The Open returns to Portush, Northern Ireland, in 2019. This is only the second time since the first Championship was held in 1860 that it has been held outside either Scotland or England. The previous occasion was 1951 when the winner was Max Faulkner.
Max Faulkner had an international golfing career spanning almost six decades and was an unparalleled wit and raconteur. But he was also a sharp observer of the professional game into the millennium. For those interested in golf history Max was uniquely placed; he experienced the transition from hickory shafts to steel shafts and from hand-made individual clubs to factory-made matching sets, and he also witnessed the technological advances in club and ball manufacture.
His career was fractured by the Second World War. He was beginning to make a name for himself in the late-1930s but played only two rounds over six years between late-1939, when he was 23, and the armistice in 1945. Imagine the same happening to millennium golfing heroes such as Tiger Woods and Rory McIlroy.
He was fiercely patriotic and a member of the victorious 1957 Ryder Cup team, when he asked to be excluded from the singles matches because he did not feel that he was playing well enough. He spent the day running round from match to match, telling the players how well the team was doing and bolstering morale. Captain Dai Rees described him as the team’s “secret weapon.” In those days there was no TV coverage and radio coverage was incomplete so it was difficult to keep track of progress.
When he was at his peak in the early 1950s he would probably have been ranked among the world’s top five golfers although such an assessment would have been complicated by the fact that Max decided not to play the US circuit but to stay in Europe and make winter visits to Asian countries, Australia and New Zealand.
The leading world golfers at the time were Ben Hogan and Sam Snead in the US and Bobby Locke from South Africa. Of these, Max was quite clear that he ranked Locke number one. Locke would make occasional forays to the US, win several tournaments and then disappear again, much the richer.
The reports set out on this website are in Max’s own words, detailing his Open victory and commenting on the leading players, including those from the hickory shaft era, and on the other characters on the circuit, including the cockney caddies who spoke rhyming slang and slept rough. He also describes the snobbery of clubs in the ‘Bertie Wooster’ days, when pros were not allowed to change in the clubhouse and had to make alternative arrangements.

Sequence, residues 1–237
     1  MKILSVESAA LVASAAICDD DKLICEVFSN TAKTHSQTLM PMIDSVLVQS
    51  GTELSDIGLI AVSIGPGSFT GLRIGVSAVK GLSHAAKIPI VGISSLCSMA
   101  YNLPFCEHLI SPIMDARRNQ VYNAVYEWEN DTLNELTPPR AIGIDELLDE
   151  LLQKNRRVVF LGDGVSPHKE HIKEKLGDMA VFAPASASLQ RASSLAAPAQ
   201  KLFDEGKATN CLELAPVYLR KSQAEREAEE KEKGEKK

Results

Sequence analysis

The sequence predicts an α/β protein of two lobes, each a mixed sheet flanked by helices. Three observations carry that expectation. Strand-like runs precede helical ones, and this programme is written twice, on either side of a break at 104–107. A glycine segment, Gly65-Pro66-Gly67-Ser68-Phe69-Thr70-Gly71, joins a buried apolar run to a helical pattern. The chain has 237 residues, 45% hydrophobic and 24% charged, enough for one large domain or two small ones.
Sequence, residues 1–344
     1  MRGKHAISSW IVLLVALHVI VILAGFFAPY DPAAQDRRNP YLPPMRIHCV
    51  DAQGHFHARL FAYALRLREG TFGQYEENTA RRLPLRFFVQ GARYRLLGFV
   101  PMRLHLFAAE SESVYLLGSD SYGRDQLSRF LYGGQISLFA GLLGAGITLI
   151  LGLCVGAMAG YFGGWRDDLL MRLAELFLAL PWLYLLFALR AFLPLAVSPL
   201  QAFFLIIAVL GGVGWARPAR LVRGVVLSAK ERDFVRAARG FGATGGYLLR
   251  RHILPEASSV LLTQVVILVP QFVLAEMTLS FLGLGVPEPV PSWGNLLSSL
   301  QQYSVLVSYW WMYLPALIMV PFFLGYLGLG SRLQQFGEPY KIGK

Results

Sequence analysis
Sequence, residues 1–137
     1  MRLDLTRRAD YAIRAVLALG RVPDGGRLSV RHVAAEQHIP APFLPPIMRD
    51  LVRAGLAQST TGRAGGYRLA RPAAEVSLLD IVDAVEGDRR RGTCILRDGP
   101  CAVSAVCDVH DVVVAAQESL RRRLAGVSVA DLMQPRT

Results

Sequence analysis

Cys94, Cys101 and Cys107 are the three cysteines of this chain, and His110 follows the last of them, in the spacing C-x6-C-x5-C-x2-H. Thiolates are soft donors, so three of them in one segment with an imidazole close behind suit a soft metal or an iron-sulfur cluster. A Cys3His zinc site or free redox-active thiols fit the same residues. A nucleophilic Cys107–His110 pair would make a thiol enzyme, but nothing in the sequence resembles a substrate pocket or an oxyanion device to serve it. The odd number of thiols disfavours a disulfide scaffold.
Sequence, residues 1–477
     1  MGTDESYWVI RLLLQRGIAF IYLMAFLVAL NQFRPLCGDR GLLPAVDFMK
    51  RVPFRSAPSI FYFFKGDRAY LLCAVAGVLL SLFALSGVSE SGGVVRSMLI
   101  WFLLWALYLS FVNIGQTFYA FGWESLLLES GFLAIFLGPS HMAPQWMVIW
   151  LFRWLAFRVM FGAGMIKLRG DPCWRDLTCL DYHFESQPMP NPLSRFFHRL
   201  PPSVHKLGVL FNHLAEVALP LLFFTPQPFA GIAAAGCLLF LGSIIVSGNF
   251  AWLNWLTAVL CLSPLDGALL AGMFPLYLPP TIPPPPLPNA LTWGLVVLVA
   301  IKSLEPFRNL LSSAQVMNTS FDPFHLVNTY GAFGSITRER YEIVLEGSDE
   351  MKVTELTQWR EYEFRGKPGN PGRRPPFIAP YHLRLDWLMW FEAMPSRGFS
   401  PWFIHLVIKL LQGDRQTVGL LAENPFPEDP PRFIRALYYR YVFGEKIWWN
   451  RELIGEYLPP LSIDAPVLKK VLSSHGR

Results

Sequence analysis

Max was a natural sportsman and could have represented England at football, cricket or tennis but golf was his destiny because of the influence of his father, who was a professional golfer of the old school, with enormous hands because he spent most of his days making and repairing clubs.
Index of Max Faulkner articles
The 1951 Open
- The strain of holding on to a big lead. Premonition of win; poor iron play but magical putting; ensure vow of silence from Frank Stranahan; find green with deliberate sliced 4-wood at 16th in third round; strain intensifies from 15th in final round; agonising 45-minute wait to confirm win
- Status of being Open Champion. The world beats a path to your door
Pro golf changes over 70 years
- Improvement in the lot of the professional golfer
- The lost breed of cockney caddie
- In the days of hickory shafts
- Take care shaking hands with the old pros
- The curse of slow play
- Golfing press changes over six decades
- Need to watch out for the cheats
- Career interruption by WWII
Key personalities of 1940s and 1950s
- Locke, the US trail blazer
- The obsessive Hogan
- Snead loses his cool
- The genius of Christy O’Connor
- Narrow escape for Dai Rees
- Harry Weetman – the fascination of raw power
Selected pro golf observations
- Secret behind the 1957 Ryder Cup victory
- Golf can get to us all
- ‘Butten Scheme’ attempt to produce British Open winner
- Good swingers of the club
Unusual moments in a golfing career
- US club backs amateurs to beat me and Weetman
- British courtesy unnerves US pros
- Locke and I have brush with US law
- John Jacobs gives me a fright
- What can happen when you are gripped by nerves
- Mickey Rooney impresses me – in more ways than one
- Gold with Douglas Bader and Charles Newman VC
- Bill Shankland sees the funny side
- Scoring by memory
- Call of nature in sugar cane
- Miami caddy amuses me
- Sprayed drives in the tropics
- Play-off with Bob Charles at Ramstein
- Trevino the joker
- Political unrest in Cairo
- Avian golf hazard
- Shall we have a split Jim?
Golf before WWII
- Intimidating Archie Compston
- Abe Mitchell – a long hitter with hickory
- Alex Herd gives me a sharp lesson
- I play with future Open Champions as 16-year old
- Play my first Open aged 17
- Alf Perry – the forgotten man
- Sarazen – the first to win all four majors
Tips for improving your golf
The information on this website has been prepared by Guy Faulkner and presented by Nick Lesseps.